View From The Glen

Sunday, April 12, 2009

Easter Football

It was the Nielsen "Killers" against the Nielsen "Giants" at yesterday's breezy Easter football game. On the sidelines, fortified with glasses of red wine, spectators cheered indiscriminately for both teams. The Giants made a strong start, but the Killers had a couple of seasoned players who made it tough to make much progress.The dogs were no help whatsoever.

The game ended when the youngest Nielsen brought out bubbles and half the players out on the field abandoned play altogether.

Which was not such a bad thing for the other players who had not realised how much energy it would take to play against these youngsters.

Thursday, April 9, 2009

Sun On Your Back

Tom Allen, my favourite CBC broadcaster (along with Stuart Maclain) also writes a CBC column, and spoke today about the government’s decision to close down prison farms. These are farms worked by prisoners to produce food, thus taking some of the burden off society and providing prisoners with daily work and some skills. Tom makes his own great case for why these farms should stay, and one commentator added to this by suggesting that the food could also be sent to food banks, which would ease some of their struggles too.

Apparently the government feels that prisoners would be better off learning more “contemporary” skills. Maybe so, but I don’t think they should dismiss the farming altogether. Living on a farm, in a rural community, I see firsthand some of the many benefits of an agrarian lifestyle.

For one thing, farming gets you moving, gets you outside, and gets you in shape. It’s physical labour, no doubt, and it can be tiring, but it also calms the mind and provides great mental clarity when, at the end of the day, you sit back with a rewarding sense of a job well done. Farmers don’t have insomnia, and they never wonder if they could have done something more productive with their time.

For another, farming is hands on and gives a connection to the land. To see newborn life emerge, to see shoots struggle valiantly through frost, is to see the wonder of the universe; to watch things grow is to understand the delicate balance of nature; to be part of all of this is to foster a spiritual awareness of the world around you.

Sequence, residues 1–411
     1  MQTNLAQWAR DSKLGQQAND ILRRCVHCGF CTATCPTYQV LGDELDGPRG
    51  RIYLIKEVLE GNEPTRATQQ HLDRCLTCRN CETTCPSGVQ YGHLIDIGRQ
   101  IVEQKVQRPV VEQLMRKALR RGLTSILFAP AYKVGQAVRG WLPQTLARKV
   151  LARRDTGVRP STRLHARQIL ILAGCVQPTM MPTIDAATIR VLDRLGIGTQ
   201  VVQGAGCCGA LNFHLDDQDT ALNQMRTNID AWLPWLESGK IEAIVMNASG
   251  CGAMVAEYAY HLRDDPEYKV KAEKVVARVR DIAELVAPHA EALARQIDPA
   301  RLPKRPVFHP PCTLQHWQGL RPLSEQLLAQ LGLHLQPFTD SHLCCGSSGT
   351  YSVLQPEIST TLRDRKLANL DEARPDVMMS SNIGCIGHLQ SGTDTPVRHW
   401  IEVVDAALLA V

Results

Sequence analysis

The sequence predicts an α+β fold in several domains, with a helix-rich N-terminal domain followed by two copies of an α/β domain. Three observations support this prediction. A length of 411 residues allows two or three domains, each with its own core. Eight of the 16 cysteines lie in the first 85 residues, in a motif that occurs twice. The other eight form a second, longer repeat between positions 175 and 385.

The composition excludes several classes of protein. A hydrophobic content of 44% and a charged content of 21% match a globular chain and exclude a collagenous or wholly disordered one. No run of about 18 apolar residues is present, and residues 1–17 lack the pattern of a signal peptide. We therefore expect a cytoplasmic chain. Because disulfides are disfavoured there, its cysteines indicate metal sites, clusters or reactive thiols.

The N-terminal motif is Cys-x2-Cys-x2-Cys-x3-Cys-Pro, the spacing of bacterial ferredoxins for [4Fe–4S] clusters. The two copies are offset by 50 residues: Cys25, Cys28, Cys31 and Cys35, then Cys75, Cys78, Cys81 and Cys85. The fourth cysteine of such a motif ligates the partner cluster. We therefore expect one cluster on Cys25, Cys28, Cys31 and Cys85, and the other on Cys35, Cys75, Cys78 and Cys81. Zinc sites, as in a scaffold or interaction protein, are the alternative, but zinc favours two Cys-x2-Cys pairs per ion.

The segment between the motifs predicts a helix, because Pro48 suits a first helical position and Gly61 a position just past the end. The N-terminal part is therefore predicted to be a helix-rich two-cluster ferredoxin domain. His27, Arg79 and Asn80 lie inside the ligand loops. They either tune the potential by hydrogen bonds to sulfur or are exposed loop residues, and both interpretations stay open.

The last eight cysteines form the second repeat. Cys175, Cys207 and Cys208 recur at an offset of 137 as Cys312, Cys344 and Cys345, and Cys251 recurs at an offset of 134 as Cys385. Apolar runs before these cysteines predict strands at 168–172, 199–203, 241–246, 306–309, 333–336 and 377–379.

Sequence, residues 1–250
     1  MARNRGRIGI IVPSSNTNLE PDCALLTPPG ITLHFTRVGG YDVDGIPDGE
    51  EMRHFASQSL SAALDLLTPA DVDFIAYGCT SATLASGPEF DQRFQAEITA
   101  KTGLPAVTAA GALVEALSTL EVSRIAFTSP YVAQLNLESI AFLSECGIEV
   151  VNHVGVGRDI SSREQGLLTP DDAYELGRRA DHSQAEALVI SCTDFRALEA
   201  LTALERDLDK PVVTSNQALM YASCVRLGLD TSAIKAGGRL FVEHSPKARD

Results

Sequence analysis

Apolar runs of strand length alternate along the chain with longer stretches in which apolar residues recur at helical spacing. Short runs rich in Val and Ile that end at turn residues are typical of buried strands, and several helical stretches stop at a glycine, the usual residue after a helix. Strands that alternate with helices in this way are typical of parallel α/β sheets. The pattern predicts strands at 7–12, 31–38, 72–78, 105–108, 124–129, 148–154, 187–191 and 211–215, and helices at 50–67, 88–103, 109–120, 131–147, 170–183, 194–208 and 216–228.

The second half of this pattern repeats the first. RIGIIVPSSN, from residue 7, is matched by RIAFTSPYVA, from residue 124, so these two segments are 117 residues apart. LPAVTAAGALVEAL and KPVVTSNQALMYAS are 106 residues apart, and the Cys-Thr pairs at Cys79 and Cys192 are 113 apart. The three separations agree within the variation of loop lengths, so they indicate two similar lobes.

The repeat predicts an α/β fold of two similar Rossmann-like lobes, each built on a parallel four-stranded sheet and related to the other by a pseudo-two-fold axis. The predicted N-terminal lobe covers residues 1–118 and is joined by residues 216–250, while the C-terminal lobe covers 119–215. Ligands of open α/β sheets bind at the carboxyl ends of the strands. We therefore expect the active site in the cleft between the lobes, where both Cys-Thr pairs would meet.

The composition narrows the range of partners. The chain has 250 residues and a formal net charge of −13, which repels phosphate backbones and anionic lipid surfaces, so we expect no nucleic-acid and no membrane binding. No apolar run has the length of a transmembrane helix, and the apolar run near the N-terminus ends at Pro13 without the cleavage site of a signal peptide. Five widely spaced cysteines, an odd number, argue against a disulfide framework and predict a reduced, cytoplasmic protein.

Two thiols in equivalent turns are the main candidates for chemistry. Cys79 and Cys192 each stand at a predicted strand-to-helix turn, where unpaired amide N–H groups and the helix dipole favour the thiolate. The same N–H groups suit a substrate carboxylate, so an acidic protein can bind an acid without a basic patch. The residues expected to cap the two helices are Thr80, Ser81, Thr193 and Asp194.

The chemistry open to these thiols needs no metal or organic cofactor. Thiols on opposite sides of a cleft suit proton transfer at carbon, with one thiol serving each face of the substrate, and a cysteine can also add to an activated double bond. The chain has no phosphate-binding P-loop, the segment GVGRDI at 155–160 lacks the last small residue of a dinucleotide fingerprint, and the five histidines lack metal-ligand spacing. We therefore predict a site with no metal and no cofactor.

For a third, farming develops a very strong work ethic. Reap what you sow is not an old adage for nothing, and all those moral stories you hear about the grasshopper who sang all day, and the little red hen, stem from the lessons of agriculture, and are ingrained in the farming philosophy.

That’s why farmers farm. It’s a lifestyle choice combining physical, mental, spiritual and emotional benefits: to feel good about what you have accomplished, to be part of the world around you knowing the impact of the choices you make on the land; and to recognize the primordial nature of what you do.

If all that farming provides is a moment of solitude with the sun on your back, a good night’s sleep after an honest day’s work, and a good work ethic, it is beneficial. But that is not all. Farming skills may not be “contemporary” or sophisticated, but with solid farming skills, you can always find work if you are willing.

Tuesday, April 7, 2009

Worry Serves No Purpose - but I can't help it!

Anna went with her friend Sam to an invite-only advanced screening of the new Hannah Montana movie last night. (Never mind that she has no clue who Hannah Montana is – or didn’t until yesterday.)

It was in Ottawa so Sam’s dad picked the girls up from school and they had dinner before the show as well. It was the thrill of going on an adventure, the concert-like feel, and the late night as much as the movie itself which caused all the excitement, and I can see it’s going to take her a while to come down to earth again.

I waited up for her, of course. Which meant going to bed at 11:30, not something I do very often on a week night (book clubs nights excepted). And the wait showed me one thing very clearly!

I am dreading the kids being teenagers.

You see, last night, I knew who Anna was with. I knew where they were. I knew what they were doing. I knew perfectly well they were safe.

And still I was unable to rest.

Sam’s mother called me twice – to let me know they had arrived in Ottawa and to let me know they were leaving. And still I fretted.